Additionally, they invited the Incan leader to visit Pizarro at his quarters along the Cajamarca plaza. When De Soto noticed Atahualpa's interest in his horse, he put on a display of "excellent horsemanship" in close proximity. Atahualpa displayed hospitality by serving refreshments. [7] : 166–170 [12]

Atahualpa responded only after Francisco Pizarro's brother, Hernando Pizarro, arrived. He replied with what he had heard from his scouts, saying that Spanish were killing and enslaving countless numbers on the coast. Pizarro denied the report and Atahualpa, with limited information, reluctantly let the matter go. At the end of their meeting, the men agreed to meet the next day at Cajamarca. [8]

The next morning, on 16 November 1532, Pizarro had arranged an ambuscade around the Cajamarca plaza, where they were to meet. At this point, Pizarro had in total 168 men under his command: 106 on foot and 62 on horses. When Atahualpa arrived with about 6,000 unarmed followers, Friar Vincente de Valverde and the interpreter Felipillo met them and proceeded to "expound the doctrines of the true faith" (requerimiento) and seek his tribute as a vassal of King Charles. The unskilled translator likely contributed to problems in communication. The friar offered Atahualpa the Bible as the authority of what he had just stated. Atahualpa stated, "I will be no man's tributary." [7] : 173–177

Pizarro urged attack, starting the Battle of Cajamarca. The battle began with a shot from a cannon and the battle cry "Santiago!" [12] The Spaniards unleashed volleys of gunfire at the vulnerable mass of Incas and surged forward in a concerted action. Pizarro also used cavalry charges against the Inca forces, which stunned them in combination with gunfire. [7] : 177–179 Many of the guns used by the Spaniards were however hard to use in close combat. The effect was devastating, the shocked Incas offered such feeble resistance that the battle has often been labeled a massacre, with the Inca losing 2,000 dead and Spanish having just 1 soldier wounded.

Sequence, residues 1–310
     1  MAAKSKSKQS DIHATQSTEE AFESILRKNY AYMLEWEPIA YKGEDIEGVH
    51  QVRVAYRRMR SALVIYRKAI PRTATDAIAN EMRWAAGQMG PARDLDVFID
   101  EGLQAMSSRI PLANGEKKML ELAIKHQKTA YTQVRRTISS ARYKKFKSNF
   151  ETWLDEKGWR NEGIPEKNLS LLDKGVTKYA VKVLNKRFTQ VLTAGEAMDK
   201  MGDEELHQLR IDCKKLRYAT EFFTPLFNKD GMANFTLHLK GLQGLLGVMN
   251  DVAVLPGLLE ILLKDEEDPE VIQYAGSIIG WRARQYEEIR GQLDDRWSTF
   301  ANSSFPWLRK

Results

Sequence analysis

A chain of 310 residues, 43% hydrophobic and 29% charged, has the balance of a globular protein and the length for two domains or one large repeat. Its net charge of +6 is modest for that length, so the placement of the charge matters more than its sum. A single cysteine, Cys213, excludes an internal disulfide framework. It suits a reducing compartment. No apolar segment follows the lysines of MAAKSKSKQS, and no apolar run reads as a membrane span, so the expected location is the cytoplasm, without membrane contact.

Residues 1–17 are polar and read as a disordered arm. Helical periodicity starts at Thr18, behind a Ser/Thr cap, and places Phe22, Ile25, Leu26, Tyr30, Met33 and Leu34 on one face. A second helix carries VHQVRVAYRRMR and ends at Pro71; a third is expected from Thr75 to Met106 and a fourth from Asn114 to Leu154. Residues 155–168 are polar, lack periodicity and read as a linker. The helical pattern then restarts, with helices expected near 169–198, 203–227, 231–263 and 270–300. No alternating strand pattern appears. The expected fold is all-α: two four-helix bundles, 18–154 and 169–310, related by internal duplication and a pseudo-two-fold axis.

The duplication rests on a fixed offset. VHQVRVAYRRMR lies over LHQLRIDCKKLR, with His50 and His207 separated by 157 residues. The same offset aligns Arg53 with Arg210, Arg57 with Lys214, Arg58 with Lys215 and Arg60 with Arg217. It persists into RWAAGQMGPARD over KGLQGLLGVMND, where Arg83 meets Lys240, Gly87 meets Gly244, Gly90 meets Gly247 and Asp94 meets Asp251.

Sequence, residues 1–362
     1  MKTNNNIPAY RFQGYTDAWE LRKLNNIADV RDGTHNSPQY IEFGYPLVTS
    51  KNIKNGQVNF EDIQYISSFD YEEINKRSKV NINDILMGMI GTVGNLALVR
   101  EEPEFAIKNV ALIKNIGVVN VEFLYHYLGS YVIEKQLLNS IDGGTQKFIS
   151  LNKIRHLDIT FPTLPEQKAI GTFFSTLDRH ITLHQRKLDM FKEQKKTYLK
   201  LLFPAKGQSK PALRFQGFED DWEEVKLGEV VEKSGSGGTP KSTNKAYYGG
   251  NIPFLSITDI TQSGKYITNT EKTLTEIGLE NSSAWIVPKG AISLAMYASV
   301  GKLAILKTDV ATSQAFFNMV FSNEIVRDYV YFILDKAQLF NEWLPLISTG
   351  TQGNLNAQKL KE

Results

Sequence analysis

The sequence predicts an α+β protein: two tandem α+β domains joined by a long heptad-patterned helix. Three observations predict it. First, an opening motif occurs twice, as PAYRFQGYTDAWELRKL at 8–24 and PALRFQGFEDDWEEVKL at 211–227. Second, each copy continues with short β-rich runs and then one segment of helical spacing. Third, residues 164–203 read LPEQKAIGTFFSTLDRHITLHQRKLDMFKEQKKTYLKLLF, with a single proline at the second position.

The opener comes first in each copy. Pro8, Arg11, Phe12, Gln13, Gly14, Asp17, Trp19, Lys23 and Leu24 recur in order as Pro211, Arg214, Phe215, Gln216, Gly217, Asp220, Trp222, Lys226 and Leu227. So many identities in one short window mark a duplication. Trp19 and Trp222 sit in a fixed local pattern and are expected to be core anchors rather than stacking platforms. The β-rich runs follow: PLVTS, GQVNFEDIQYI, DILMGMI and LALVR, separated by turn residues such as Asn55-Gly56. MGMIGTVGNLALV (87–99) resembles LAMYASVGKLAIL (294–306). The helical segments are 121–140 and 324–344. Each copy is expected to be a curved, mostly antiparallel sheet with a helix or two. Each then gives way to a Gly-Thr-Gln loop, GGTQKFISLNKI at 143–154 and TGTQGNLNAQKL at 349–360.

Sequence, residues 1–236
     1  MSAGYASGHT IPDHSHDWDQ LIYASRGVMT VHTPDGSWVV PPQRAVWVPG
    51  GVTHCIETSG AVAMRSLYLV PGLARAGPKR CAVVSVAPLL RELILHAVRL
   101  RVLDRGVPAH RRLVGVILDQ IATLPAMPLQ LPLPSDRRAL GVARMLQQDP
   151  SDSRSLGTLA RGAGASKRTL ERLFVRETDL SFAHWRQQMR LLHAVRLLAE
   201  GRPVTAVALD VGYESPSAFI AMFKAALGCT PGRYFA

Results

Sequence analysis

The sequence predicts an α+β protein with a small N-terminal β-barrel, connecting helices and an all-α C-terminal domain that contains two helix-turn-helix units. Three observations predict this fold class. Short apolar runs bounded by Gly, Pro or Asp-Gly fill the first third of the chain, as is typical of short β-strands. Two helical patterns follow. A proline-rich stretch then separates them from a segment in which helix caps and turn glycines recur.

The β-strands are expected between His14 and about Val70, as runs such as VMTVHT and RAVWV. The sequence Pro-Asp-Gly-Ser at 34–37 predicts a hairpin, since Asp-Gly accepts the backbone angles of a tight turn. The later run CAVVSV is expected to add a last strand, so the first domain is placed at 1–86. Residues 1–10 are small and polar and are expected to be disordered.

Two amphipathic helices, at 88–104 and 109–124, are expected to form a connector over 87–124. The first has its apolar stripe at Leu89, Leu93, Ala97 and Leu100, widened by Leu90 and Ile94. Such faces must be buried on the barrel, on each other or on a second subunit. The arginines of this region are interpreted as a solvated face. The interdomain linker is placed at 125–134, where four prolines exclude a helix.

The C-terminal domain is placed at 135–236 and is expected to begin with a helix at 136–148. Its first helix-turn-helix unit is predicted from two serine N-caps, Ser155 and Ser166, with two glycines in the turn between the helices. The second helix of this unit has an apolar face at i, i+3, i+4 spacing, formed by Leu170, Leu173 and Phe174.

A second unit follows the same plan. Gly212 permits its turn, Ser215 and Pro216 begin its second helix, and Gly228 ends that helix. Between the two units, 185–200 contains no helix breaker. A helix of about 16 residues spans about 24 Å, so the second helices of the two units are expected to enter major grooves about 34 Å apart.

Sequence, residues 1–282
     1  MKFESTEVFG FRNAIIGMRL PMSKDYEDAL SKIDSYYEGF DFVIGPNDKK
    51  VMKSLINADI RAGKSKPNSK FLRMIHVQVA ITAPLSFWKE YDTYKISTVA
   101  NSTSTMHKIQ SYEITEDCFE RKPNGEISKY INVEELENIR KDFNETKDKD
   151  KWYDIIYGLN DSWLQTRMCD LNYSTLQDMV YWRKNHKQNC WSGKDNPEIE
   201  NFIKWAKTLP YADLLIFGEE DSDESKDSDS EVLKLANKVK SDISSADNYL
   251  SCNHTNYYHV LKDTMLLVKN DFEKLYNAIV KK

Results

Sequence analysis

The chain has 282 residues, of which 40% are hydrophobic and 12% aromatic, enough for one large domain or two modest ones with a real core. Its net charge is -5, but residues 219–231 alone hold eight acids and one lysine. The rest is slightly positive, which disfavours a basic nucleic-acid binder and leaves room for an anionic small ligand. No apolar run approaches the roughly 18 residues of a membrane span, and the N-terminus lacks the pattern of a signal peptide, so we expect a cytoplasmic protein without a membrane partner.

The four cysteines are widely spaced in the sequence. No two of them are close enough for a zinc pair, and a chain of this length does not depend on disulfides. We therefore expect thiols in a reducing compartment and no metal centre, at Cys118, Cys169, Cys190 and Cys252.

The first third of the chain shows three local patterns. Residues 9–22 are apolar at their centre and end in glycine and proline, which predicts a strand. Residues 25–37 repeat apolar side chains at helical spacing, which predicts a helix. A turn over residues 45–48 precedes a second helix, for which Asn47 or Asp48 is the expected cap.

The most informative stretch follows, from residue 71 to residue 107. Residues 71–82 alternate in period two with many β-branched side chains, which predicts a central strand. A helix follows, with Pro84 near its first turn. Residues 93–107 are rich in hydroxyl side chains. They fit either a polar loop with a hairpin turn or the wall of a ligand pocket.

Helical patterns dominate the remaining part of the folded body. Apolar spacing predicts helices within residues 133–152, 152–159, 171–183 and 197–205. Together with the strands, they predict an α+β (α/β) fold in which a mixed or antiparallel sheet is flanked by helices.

The majority of Atahualpa's troops were in the Cuzco region along with Quisquis and Challcuchima, the two generals he trusted the most. This was a major disadvantage for the Inca. Their undoing also resulted from a lack of self-confidence, and a desire to make public demonstration of fearlessness and godlike command of situation. [12] The main view is that the Inca were eventually defeated due to inferior weapons, 'open battle' tactics, disease, internal unrest, the bold tactics of the Spanish, and the capture of their emperor. While Spanish armour was very effective against most of the Andean weapons, it was not impenetrable to maces, clubs, or slings. [13] [14] Later, most natives adapted in 'guerrilla fashion' by only shooting at the legs of the conquistadors if they happened to be unarmored. [15] However, ensuing hostilities such as the Mixtón Rebellion, Chichimeca War, and Arauco War would require that the conquistadors ally with friendly tribes in these later expeditions.

Though the historical accounts relating to the circumstances vary, the true Spanish motives for the attack seemed to be a desire for loot and flat-out impatience. The Inca likely did not adequately understand the conquistadors' demands. [16] And, of course, Pizarro knew they did not have the slightest chance against the Inca army unless they captured the Emperor.

By February 1533, Almagro had joined Pizarro in Cajamarca with an additional 150 men with 50 horses. [7] : 186–194

After Atahualpa was captured at the massacre at Cajamarca, he was treated with respect, allowed his wives to join him, and the Spanish soldiers taught him the game of chess. [17] : 215,234 During Atahualpa's captivity, the Spanish, although greatly outnumbered, forced him to order his generals to back down by threatening to kill him if he did not. According to the Spanish envoy's demands, Atahualpa offered to fill a large room with gold and promised twice that amount in silver. While Pizarro ostensibly accepted this offer and allowed the gold to pile up, he had no intention of releasing the Inca he needed Atahualpa's influence over his generals and the people in order to maintain the peace. The treasure began to be delivered from Cuzco on 20 December 1532 and flowed steadily from then on. By 3 May 1533 Pizarro received all the treasure he had requested it was melted, refined, and made into bars. [12] Hernando Pizarro went to gather gold and silver from the temples in Pachacamac in January 1533, and on his return in March, [17] : 237 captured Chalcuchimac in the Jauja Valley. Francisco Pizzaro sent a similar expedition to Cuzco, bringing back many gold plates from the Temple of the Sun.